Liberian Vice President Joseph Boakai speaking in Brooklyn Park, MN
Liberia’s Vice President, Joseph Nyumah Boakai has praised Liberians in the United States for their good behavior and respect for the rule of law. The Liberian Vice President said he was impressed by reports he received from local authorities in the state of Minnesota about the welfare of Liberians. VP Boakai said if Liberians can exemplify such an outstanding lifestyle in the United States, he is confident that they can do the same in their home country.
Vice President Boakai spoke on Monday at Liberian community town hall meeting in the city of Brooklyn Park (Minnesota). The townhall meeting brought together Liberians of all ages, and from various ethic groups in the state of Minnesota. The townhall meeting give Liberians living in the Minnesota the opportunity to sit and chat with the Vice President about issues affecting Liberians in the US and Liberia.
VP Boakai, and Representative Eugene Fallah Kpaka of Lofa County answered questions on issues ranging from roads, health care, education, dual citizenship, truth and reconciliation, and government’s position on Gay marriage in Liberia.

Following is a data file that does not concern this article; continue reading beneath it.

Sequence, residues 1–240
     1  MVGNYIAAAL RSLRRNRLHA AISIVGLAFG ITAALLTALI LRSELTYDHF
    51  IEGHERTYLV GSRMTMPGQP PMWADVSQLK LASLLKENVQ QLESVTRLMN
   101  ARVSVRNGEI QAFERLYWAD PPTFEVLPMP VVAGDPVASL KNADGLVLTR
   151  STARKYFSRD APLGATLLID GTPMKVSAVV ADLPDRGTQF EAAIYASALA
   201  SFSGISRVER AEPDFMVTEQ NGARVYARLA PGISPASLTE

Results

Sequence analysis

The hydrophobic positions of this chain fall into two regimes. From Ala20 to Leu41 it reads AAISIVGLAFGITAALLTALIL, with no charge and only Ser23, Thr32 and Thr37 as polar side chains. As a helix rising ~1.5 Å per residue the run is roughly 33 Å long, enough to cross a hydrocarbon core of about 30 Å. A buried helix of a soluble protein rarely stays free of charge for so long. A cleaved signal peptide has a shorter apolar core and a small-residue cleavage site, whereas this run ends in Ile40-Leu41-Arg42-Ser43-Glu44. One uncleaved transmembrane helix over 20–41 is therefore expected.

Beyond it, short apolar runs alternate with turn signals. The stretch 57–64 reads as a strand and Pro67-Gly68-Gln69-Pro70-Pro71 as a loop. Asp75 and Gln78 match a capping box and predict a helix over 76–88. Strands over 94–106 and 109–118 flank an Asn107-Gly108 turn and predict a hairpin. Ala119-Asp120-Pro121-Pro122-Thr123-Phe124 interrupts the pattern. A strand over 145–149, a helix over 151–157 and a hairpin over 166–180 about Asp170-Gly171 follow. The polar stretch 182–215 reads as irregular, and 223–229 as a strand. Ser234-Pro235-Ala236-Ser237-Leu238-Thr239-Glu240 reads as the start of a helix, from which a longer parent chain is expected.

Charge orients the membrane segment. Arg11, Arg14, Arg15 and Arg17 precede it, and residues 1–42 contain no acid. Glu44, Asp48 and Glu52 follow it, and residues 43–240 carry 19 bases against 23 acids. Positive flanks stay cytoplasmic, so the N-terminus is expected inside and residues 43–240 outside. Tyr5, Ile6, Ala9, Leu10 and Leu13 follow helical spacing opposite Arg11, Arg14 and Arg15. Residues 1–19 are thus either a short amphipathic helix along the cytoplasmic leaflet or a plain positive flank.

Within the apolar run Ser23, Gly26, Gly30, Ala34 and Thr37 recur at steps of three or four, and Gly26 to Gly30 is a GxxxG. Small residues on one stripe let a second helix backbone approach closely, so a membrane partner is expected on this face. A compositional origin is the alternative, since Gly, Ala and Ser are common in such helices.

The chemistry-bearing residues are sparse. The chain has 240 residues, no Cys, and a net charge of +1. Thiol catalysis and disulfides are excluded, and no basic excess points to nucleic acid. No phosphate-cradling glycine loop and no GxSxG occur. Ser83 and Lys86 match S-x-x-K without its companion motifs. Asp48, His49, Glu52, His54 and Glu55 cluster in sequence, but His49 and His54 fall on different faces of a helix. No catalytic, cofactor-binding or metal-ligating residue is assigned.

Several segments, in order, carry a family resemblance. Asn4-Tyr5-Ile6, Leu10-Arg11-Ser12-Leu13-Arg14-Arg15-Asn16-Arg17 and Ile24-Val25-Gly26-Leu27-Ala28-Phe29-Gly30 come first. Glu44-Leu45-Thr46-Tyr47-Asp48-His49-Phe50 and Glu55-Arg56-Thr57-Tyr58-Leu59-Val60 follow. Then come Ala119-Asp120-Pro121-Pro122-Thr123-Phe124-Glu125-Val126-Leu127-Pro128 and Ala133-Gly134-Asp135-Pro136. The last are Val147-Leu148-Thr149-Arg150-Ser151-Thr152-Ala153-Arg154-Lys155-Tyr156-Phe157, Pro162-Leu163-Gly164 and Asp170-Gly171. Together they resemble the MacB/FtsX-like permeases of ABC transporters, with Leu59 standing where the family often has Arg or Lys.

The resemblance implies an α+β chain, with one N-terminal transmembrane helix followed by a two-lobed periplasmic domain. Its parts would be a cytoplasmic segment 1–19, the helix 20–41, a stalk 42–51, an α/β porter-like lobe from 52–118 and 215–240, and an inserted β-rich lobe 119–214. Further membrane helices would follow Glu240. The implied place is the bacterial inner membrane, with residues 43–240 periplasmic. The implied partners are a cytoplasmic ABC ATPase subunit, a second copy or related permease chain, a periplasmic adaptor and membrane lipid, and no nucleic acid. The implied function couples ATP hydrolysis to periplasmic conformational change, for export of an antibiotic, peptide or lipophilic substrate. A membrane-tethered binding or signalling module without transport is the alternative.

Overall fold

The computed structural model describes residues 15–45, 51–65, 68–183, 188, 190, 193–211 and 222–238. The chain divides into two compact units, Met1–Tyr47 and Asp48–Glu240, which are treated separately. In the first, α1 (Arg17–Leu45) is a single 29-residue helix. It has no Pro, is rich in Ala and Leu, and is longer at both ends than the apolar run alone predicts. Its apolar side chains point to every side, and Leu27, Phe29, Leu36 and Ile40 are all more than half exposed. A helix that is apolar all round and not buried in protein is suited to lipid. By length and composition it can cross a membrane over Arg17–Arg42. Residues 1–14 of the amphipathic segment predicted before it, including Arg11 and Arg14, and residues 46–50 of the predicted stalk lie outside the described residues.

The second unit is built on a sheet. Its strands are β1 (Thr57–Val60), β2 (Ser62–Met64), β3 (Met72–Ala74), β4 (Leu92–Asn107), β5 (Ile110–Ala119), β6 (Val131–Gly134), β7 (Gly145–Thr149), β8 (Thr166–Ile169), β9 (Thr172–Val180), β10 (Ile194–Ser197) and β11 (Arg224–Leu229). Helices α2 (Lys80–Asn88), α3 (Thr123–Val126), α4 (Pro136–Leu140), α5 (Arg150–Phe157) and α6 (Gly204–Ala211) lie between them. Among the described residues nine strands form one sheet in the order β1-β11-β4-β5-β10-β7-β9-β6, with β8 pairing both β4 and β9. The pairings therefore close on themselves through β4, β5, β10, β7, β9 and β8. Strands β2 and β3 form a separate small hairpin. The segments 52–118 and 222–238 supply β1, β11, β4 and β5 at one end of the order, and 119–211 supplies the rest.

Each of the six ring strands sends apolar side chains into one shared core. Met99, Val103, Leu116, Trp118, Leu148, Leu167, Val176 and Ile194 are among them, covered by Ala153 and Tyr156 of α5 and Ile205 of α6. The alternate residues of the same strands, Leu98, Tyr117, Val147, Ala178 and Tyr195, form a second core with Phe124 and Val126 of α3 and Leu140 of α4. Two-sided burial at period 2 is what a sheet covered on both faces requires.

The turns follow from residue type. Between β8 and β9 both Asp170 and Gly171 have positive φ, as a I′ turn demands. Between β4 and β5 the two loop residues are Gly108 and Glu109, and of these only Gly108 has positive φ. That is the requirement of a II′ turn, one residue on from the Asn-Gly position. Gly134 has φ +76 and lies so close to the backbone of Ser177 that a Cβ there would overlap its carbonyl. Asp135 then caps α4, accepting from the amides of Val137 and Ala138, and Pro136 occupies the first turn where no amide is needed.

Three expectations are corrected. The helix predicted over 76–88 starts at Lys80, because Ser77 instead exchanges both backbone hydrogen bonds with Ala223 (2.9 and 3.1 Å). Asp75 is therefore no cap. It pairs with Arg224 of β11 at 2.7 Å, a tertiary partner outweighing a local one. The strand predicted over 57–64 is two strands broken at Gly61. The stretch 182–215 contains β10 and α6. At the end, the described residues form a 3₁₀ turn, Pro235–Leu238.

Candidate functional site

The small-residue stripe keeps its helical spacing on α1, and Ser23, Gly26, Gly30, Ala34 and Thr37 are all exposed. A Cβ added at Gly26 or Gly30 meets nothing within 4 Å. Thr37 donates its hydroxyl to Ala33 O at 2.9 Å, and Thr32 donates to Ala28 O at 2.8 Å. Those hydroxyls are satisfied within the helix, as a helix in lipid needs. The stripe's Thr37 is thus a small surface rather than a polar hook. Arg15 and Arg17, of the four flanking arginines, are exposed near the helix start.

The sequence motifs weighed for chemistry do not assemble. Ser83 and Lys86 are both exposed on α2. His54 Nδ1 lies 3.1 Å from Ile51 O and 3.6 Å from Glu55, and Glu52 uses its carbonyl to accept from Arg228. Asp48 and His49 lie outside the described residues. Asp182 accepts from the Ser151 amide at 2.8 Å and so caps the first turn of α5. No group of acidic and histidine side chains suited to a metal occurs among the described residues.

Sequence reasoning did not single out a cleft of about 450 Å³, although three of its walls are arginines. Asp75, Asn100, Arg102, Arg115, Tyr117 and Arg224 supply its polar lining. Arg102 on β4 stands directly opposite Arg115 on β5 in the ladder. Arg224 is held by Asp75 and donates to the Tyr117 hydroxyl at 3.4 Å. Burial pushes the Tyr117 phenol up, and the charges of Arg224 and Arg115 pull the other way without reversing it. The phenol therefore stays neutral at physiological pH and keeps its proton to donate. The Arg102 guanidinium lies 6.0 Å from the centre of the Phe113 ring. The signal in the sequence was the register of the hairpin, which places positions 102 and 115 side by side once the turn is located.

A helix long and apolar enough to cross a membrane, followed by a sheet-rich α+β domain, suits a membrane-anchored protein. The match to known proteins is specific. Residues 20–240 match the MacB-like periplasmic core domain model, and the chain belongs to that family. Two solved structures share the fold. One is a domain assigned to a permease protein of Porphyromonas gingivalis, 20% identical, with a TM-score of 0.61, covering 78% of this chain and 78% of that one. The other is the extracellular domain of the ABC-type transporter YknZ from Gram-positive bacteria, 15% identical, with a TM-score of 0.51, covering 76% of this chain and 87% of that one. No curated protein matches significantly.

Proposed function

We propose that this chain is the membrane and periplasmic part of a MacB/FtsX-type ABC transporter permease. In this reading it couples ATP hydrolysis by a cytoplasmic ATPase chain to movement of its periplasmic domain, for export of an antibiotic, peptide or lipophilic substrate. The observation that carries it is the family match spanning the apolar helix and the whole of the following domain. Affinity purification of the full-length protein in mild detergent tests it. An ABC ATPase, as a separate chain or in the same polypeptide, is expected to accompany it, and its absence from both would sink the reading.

In his official statement, VP Boakai commended the city of Brooklyn Park for building a sister city relationship with the city of Kakata, in Liberia. He said the Liberian government was moved by the 15member Brooklyn Park city delegation to Kakata City (in Liberia). He said the Liberian government appreciated their humility, and kindness to the sufferings of Liberians in Liberia. The Vice President stated that Liberia was happy to be seen as a friend of the greatest country in the world.
On the issue of post war reconstruction and infrastructure development, VP Boaka said that “may be people do not realize that it is easy to destroy, but it takes much longer time to rebuild” what has been destroy. He said government is making all efforts to rebuild the country. He promised the gathering that Liberia’s electricity will be restored, pipe borne water will reached other parts of the city, and that government and it partners have restored and established community colleges in every county across the country. VP Boakai emphasized that “we need to build the skill of the young people, this is why government is building community colleges”. He noted that this will help reduce the over overpopulation of the University of Liberia, and afford young people the opportunity to live in their counties and earn a college education. On technology, the Vice President said that government is hopeful that between October and November this year, fiber optic cable connections will reach Liberia. He said this technological boost; will enable Liberia to get on pal technologically with other countries.